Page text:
By Tim Leeds
The legislative special session ended in just four days and Rep. Ray Peck, D-Havre, and Sen. Jon Tester , D-Big Sandy, said they are pleased with how things turned out.
"Well, I guess the system has once again proven itself," said Tester, "proven to me it works."
Tester said he went into the session with a pretty pessimistic attitude. He said there was "a ton of stuff on the docket," and he felt they wouldn't have enough time to do it justice or finish it. He said they moved quickly enough in the Senate to address most of the issues, and he said he's happy with most of the bills that were passed.
"I think there was a greater spirit of positive attitude about this than I've seen in many sessions," said Peck.
He said the first couple of days he thought things would go the way House Democrats didn't want them to. Then things started to come together. He said they heard there was a compromise in the Senate, but expected there would be a hook in the compromise. Then when they saw it, there weren't any hooks.
"It was a session where people were not hollering at each other, not angry," he said. He said legislators were working together.
Tester said when the session started it was very partisan. He said he didn't have much hope for the bills; he thought minds were pretty well made up before the session started. But he said once the session moved forward, with HB4 amended to his satisfaction and SB5 shelved, he saw cooperation happening.
Both Peck and Tester said they didn't see anyone in their parts of the Legislature using the special session as a campaign platform. Peck said that although there were 11 candidates for higher state office at the special session, he didn't see any of them trying to advance their campaigns.
Tester said he felt, and still feels, that many were there to try for re-election in the primaries. He said when that happens there's often not a lot of long-term thinking, and it can be very dangerous.
But he said what ended up coming out of the session was productive.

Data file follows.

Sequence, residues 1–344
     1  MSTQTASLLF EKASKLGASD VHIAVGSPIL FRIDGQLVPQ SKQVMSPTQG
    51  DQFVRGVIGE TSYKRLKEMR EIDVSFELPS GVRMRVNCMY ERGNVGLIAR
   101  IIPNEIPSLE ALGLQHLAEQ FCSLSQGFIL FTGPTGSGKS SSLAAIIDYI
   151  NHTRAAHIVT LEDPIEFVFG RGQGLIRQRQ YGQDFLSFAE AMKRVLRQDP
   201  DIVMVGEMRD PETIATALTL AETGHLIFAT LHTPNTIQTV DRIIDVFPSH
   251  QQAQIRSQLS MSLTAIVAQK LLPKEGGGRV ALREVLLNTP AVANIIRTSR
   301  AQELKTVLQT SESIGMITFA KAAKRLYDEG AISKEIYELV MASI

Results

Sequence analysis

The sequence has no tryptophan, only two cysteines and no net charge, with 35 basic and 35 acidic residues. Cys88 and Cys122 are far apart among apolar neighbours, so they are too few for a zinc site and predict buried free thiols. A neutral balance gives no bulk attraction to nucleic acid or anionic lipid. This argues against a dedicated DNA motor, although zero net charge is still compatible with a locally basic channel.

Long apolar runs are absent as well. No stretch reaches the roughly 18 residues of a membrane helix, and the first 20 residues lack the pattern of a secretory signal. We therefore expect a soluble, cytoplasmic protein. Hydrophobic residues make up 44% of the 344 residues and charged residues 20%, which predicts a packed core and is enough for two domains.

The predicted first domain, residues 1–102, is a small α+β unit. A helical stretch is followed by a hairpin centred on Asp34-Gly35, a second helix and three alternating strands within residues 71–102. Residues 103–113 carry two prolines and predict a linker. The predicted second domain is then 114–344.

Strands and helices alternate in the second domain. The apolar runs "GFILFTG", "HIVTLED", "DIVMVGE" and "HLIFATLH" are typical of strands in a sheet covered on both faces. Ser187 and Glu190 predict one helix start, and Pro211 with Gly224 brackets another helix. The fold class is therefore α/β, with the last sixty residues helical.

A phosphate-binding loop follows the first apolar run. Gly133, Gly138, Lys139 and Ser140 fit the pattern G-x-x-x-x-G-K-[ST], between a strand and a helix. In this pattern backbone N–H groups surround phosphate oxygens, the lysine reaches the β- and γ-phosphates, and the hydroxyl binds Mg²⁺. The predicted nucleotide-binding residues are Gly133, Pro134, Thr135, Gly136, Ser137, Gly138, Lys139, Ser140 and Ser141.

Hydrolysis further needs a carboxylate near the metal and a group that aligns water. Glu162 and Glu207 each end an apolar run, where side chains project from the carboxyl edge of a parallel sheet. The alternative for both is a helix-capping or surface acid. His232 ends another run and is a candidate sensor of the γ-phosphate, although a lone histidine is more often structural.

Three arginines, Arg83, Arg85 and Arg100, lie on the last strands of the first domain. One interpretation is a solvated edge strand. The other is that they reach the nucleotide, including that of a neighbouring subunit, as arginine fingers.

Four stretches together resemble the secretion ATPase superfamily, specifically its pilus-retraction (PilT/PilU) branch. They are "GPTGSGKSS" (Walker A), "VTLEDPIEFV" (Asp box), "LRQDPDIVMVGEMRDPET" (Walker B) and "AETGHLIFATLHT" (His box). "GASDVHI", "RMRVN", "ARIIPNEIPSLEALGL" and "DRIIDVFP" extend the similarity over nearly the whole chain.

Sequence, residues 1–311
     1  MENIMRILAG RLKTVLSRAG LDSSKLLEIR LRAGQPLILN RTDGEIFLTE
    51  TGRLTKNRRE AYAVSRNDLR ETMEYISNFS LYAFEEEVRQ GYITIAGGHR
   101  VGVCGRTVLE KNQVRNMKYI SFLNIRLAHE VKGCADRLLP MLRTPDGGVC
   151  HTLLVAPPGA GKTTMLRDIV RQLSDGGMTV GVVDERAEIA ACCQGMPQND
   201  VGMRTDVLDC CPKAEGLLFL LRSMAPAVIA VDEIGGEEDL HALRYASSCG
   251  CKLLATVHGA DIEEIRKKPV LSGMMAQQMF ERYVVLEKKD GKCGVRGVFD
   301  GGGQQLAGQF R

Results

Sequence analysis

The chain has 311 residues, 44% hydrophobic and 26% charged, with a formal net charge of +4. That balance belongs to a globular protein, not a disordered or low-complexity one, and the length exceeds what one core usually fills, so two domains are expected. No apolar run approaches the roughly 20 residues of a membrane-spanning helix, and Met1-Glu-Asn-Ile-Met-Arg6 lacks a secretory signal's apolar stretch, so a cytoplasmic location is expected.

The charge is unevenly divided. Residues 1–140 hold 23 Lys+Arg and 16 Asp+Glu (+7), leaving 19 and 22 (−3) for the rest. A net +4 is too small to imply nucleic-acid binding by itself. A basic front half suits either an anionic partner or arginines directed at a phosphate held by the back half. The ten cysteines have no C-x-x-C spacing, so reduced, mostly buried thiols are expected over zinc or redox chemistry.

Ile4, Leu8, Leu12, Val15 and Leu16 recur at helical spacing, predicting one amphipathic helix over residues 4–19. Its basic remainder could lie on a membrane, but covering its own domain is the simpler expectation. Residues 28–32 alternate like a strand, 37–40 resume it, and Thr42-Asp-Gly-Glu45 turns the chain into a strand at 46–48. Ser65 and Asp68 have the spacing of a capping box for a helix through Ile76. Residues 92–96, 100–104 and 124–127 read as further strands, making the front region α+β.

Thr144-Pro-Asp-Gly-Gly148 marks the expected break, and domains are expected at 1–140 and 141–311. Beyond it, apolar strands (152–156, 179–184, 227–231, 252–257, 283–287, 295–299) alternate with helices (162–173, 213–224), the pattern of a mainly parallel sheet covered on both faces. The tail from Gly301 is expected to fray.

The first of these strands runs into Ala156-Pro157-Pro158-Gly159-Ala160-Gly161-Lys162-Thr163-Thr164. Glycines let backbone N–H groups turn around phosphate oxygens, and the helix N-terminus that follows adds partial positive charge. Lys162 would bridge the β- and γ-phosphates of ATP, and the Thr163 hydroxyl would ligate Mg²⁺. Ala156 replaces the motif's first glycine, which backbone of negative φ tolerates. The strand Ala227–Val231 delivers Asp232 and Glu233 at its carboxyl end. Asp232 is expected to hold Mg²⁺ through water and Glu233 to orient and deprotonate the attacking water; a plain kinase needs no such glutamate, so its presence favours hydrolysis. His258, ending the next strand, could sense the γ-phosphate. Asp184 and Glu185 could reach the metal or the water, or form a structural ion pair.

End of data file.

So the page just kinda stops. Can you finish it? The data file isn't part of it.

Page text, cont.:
"What came out after a lot of talking came down to the facts." he said.
Tester said the increased education system funding was a needed action, and while some may want more property tax relief than what was passed, at least it's a start.
"Maybe it's not as big a step as some would have taken," he said, "but at least it's a step."
He said the funding for the HB260, the economic development package which the special session was originally called to fund, ended up very good after some work in the session. He said both houses of the legislature did some amending and by the end it was very close to what the governor wanted and very close to the original HB260.
Peck said he can support most of the bills passed. He said with an increase for public school education, a decrease in property taxes and additional property tax relief for the lower $20 million, research funds for the university system and funds for the Montana State University-Northern co-op center, he is pleased with what passed.
Peck said the big news was the change in attitude by the majority party for increased funding for K-12 education.
Both Peck and Tester said it looks like Gov. Racicot will sign all of the bills passed. Peck said Racicot's main point was that he would veto any tax cuts, and since the tax cuts passed were relatively small the governor will probably sign them.
Rep. Antoinette (Toni) Hagener, D-Havre, and Sen. Greg Jergeson, D-Chinook, were not available for comment by the time of printing.